Improving mod_perl Driven Site's Performance -- Part I: Choosing Operating System and Hardware

By Stas Bekman (Send Email)
Posted Dec 7, 2000


In the next series of articles we are going to talk about mod_perl performance issues. We will try to look at as many aspects of the mod_perl driven service as possible. Hardware, software, Perl coding and finally the mod_perl specific aspects.

In the next series of articles we are going to talk about mod_perl performance issues. We will try to look at as many aspects of the mod_perl driven service as possible. Hardware, software, Perl coding and finally the mod_perl specific aspects.


The Big Picture

To make the user's Web browsing experience as painless as possible, every effort must be made to wring the last drop of performance from the server. There are many factors which affect Web site usability, but speed is one of the most important. This applies to any webserver, not just Apache, so it is very important that you understand it.

How do we measure the speed of a server? Since the user (and not the computer) is the one that interacts with the Web site, one good speed measurement is the time elapsed between the moment when she clicks on a link or presses a Submit button to the moment when the resulting page is fully rendered.

The requests and replies are broken into packets. A request may be made up of several packets, a reply may be many thousands. Each packet has to make its own way from one machine to another, perhaps passing through many interconnection nodes. We must measure the time starting from when the first packet of the request leaves our user's machine to when the last packet of the reply arrives back there.

A webserver is only one of the entities the packets see along their way. If we follow them from browser to server and back again, they may travel by different routes through many different entities. Before they are processed by your server the packets might have to go through proxy (accelerator) servers and if the request contains more than one packet, packets might arrive to the server by different routes with different arrival times, therefore it's possible that some packets that arrive earlier will have to wait for other packets before they could be reassembled into a chunk of the request message that will be then read by the server. Then the whole process is repeated in reverse.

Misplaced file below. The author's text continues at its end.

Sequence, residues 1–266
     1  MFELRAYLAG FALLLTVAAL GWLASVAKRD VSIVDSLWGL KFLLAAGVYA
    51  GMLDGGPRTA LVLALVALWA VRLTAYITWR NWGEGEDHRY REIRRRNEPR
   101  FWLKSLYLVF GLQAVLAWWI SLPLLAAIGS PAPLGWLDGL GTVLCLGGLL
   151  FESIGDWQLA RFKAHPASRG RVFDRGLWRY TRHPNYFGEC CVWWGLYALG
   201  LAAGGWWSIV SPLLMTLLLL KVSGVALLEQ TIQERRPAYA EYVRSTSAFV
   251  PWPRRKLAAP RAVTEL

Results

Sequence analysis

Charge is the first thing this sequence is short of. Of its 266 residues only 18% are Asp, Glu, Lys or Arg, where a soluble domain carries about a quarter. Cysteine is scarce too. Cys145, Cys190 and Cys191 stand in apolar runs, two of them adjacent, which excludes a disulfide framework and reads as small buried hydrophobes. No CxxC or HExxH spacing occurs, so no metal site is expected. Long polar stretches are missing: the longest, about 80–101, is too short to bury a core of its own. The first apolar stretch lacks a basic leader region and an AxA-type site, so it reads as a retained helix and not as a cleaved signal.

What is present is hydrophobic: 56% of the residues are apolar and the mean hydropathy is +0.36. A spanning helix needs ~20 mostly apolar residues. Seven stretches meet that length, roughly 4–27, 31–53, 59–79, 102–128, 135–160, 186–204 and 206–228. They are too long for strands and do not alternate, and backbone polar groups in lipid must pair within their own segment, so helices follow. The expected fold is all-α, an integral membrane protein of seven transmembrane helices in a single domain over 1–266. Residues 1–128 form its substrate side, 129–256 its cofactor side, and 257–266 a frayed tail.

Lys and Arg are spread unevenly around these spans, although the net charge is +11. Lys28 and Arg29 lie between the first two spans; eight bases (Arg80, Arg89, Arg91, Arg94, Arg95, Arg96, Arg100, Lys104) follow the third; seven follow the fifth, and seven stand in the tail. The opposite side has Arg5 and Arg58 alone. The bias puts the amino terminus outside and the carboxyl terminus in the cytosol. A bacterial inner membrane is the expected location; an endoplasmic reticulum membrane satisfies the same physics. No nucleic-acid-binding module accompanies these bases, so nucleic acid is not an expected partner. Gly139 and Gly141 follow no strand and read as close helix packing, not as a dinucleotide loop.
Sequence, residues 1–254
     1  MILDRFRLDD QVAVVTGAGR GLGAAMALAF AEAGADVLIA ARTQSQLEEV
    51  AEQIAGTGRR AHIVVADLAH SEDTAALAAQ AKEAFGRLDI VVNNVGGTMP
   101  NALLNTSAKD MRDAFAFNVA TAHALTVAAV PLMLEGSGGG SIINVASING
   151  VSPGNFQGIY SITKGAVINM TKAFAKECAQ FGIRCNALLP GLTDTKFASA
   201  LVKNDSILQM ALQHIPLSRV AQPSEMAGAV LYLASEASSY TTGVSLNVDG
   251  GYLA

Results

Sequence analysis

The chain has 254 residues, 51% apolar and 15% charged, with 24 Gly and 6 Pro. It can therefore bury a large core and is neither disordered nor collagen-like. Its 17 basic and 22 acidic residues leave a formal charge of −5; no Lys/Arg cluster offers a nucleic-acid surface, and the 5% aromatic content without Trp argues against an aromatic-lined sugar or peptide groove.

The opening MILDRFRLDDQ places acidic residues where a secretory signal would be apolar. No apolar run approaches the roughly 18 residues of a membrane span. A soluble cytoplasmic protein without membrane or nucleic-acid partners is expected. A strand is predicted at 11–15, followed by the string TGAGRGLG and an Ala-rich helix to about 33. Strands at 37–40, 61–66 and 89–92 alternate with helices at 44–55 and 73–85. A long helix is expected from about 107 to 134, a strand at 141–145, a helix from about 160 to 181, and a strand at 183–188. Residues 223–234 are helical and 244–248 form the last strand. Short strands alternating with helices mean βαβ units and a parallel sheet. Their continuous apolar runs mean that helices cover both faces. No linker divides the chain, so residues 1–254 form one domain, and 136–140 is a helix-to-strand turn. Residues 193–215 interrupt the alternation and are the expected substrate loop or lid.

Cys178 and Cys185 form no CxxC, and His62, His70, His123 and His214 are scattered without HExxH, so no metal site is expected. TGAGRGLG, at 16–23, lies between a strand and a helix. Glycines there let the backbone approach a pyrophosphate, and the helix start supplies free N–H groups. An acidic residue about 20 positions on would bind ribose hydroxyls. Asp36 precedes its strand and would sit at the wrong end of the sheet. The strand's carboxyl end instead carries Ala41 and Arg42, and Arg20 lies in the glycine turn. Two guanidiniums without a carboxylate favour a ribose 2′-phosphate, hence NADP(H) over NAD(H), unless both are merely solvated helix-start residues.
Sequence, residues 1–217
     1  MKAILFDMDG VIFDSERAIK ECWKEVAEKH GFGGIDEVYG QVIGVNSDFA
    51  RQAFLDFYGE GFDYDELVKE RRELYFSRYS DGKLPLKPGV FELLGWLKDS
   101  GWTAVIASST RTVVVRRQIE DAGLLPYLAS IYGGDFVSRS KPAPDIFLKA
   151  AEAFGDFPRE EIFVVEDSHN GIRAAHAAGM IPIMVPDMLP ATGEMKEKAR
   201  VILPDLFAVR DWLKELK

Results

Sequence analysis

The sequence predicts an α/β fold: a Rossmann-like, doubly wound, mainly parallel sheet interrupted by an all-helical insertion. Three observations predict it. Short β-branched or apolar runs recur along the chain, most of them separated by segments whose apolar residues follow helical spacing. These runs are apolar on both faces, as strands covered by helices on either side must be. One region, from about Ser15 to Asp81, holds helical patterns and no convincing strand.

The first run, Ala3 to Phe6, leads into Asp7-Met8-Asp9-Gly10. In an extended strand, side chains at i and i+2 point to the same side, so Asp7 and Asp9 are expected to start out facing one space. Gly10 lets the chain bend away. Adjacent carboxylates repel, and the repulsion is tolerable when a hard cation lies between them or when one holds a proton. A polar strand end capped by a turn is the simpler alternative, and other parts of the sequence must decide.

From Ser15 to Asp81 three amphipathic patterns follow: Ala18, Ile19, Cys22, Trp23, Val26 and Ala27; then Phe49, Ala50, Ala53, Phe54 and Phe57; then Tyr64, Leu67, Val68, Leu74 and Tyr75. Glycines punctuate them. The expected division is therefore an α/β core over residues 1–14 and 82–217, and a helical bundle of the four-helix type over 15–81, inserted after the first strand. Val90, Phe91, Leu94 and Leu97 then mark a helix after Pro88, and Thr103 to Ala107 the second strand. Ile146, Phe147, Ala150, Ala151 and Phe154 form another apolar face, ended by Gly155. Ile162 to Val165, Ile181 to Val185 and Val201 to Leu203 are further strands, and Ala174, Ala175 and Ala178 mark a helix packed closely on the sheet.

You could work hard to fine tune your webserver's performance, but a slow Network Interface Card (NIC) or a slow network connection from your server might defeat it all. That's why it's important to think about the Big Picture and to be aware of possible bottlenecks between the server and the Web.

Of course there is little that you can do if the user has a slow connection. You might tune your scripts and webserver to process incoming requests ultra quickly, so you will need only a small number of working servers, but you might find that the server processes are all busy waiting for slow clients to accept their responses.

But there are techniques to cope with this. For example you can deliver the respond after it was compressed. If you are delivering a pure text respond--gzip compression will sometimes reduce the size of the respond by 10 times.

You should analyze all the involved components when you try to create the best service for your users, and not the web server or the code that the web server executes. A Web service is like a car, if one of the parts or mechanisms is broken the car may not go smoothly and it can even stop dead if pushed too far without first fixing it.

And let me stress it again--if you want to have a success in the web service business you should start worrying about the client's browsing experience and not only how good your code benchmarks are.


Operating System and Hardware Analysis

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